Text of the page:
3 RF and digital circuit solutions on the same PCB

Here are some common design and wiring strategies in most RF applications. However, it is more important to follow the RF device layout recommendations for practical applications.

(1) A reliable ground plane

When designing a PCB with RF components, a reliable ground plane should always be used. The purpose is to establish a valid 0V potential point in the circuit, so that all devices are easily decoupled. The 0V terminal of the power supply should be connected directly to this ground plane. Due to the low impedance of the ground plane, no signal coupling will occur between the two nodes that have been decoupled. It is very important for the amplitude of multiple signals on the board to differ by 120dB. On a surface mount PCB, all signals are routed on the same side of the component mounting surface, while the ground plane is on the opposite side. The ideal ground plane should cover the entire PCB (except under the antenna PCB). If more than two layers of PCB are used, the ground layer should be placed on the layer adjacent to the signal layer (such as the next layer on the component side). Another good method is to fill the remaining part of the signal wiring layer with the ground plane. These ground planes must be connected to the main ground plane through multiple vias. It should be noted that the existence of the ground point will cause the inductance characteristics nearby to change, so the selection of the inductance value and the layout of the inductance must be carefully considered.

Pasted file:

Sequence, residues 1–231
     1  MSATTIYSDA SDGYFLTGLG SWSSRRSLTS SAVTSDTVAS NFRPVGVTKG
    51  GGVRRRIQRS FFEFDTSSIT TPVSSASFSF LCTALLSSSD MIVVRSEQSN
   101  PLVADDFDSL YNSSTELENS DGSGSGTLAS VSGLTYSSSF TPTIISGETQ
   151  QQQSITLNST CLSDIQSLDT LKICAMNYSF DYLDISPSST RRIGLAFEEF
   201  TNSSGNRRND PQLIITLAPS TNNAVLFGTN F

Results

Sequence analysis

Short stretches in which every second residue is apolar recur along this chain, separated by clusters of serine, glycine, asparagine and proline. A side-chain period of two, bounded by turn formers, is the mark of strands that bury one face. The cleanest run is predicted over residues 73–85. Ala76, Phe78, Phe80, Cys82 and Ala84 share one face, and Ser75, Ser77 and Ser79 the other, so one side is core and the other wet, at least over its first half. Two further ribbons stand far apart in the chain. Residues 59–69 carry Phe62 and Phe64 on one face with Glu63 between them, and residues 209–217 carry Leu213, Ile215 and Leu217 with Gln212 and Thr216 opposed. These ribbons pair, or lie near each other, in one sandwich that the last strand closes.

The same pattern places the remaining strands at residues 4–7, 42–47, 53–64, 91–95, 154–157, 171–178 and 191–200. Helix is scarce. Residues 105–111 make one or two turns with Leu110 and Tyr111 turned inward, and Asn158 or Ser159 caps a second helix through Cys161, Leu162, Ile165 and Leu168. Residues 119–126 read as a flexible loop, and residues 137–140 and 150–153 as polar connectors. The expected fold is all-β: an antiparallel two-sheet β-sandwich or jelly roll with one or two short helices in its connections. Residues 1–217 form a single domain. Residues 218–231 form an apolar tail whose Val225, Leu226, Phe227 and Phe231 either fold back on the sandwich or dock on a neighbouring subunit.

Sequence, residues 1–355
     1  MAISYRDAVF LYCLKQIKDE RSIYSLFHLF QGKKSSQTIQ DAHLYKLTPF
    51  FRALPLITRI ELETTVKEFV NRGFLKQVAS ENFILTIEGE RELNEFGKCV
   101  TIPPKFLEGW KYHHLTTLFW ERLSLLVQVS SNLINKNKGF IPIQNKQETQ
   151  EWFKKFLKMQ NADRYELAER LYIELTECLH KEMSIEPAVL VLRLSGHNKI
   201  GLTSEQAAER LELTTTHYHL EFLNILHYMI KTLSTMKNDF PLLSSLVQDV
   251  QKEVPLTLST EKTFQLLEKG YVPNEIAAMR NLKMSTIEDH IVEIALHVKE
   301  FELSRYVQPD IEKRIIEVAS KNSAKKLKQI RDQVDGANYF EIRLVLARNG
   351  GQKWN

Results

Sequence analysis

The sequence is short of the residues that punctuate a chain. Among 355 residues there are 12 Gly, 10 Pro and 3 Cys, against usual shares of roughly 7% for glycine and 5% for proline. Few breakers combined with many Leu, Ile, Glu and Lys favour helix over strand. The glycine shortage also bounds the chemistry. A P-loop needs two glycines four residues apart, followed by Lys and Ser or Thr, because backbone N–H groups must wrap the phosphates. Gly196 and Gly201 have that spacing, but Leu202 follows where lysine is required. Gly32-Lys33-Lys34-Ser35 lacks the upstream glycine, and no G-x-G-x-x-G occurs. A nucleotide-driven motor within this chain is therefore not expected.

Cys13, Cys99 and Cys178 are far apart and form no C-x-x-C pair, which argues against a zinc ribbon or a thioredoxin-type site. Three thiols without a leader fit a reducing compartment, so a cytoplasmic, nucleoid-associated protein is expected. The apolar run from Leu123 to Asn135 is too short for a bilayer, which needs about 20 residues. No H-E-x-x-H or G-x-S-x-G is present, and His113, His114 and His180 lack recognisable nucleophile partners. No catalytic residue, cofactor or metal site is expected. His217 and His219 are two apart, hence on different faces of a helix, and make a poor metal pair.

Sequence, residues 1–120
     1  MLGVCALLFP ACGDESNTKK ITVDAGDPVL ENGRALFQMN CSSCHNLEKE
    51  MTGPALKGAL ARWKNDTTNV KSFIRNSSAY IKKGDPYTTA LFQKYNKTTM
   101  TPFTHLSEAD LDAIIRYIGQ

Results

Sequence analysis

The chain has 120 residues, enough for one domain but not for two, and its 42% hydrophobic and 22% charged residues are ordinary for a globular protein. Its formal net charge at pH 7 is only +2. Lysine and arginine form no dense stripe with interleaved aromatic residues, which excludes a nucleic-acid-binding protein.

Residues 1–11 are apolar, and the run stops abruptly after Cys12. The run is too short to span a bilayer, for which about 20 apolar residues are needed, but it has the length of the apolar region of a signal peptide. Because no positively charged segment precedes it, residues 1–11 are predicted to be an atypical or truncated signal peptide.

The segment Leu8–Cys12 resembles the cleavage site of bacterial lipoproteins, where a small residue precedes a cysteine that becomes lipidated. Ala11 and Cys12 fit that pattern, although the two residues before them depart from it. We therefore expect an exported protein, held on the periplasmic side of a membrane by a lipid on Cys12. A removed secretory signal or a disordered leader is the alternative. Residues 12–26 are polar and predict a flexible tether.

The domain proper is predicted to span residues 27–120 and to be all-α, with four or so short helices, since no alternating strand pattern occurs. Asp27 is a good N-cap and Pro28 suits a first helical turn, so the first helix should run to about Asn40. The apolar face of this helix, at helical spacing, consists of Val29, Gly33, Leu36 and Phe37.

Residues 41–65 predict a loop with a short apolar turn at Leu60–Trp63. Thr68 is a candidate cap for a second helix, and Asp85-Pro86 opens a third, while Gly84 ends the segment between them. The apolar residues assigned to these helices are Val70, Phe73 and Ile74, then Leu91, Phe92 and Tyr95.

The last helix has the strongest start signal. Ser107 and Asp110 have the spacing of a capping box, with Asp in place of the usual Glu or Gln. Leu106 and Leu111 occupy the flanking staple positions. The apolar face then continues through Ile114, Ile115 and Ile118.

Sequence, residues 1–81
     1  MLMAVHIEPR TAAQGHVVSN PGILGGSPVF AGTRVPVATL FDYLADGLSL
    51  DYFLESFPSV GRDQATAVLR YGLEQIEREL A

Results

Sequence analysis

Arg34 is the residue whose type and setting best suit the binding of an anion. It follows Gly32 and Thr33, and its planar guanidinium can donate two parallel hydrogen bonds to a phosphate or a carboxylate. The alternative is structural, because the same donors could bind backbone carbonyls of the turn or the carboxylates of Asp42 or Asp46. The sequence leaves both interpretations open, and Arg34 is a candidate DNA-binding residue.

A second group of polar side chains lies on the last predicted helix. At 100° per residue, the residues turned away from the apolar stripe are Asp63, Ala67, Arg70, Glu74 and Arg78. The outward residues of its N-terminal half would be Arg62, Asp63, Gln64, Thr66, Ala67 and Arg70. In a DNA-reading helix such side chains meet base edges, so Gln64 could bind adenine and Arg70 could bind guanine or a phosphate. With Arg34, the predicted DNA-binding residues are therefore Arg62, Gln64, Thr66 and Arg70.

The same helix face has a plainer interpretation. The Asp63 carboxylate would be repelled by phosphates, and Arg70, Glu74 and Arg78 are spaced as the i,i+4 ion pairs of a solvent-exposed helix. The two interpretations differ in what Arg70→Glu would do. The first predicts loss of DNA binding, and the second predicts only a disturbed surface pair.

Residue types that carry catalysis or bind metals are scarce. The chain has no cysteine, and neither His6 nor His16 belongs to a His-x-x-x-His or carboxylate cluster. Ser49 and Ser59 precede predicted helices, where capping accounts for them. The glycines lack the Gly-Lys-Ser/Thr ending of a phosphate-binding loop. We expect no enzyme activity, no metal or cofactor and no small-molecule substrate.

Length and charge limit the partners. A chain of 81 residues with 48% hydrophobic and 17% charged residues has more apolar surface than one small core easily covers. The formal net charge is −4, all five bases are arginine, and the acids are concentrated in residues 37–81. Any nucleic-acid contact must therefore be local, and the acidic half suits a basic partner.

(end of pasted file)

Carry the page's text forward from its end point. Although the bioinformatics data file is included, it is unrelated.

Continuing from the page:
(2) shorten the connection distance with the ground layer

All connections to the ground plane must be as short as possible, and ground vias should be placed at (or very close to) the component pads. Never allow two ground signals to share a ground via. This may cause crosstalk between the two pads due to the via connection impedance.

(3) RF decoupling

Decoupling capacitors should be placed as close to the pins as possible, and capacitors should be used for each pin that needs to be decoupled. Using high-quality ceramic capacitors, the dielectric type is preferably "NPO", and "X7R" also works well in most applications. Ideally, the capacitor value should be chosen such that its series resonance is equal to the signal frequency. For example, at 434MHz, the 100pF capacitor mounted by SMD will work well. At this frequency, the capacitive reactance of the capacitor is about 4Ω, and the inductive reactance of the via is also in the same range. The capacitors and vias in series form a notch filter for the signal frequency, enabling it to be effectively decoupled. At 868MHz, a 33pF capacitor is an ideal choice. In addition to RF decoupling of small value capacitors, a large value capacitor should also be placed on the power line to decouple low frequencies. A 2.2μF ceramic or 10μF tantalum capacitor can be selected.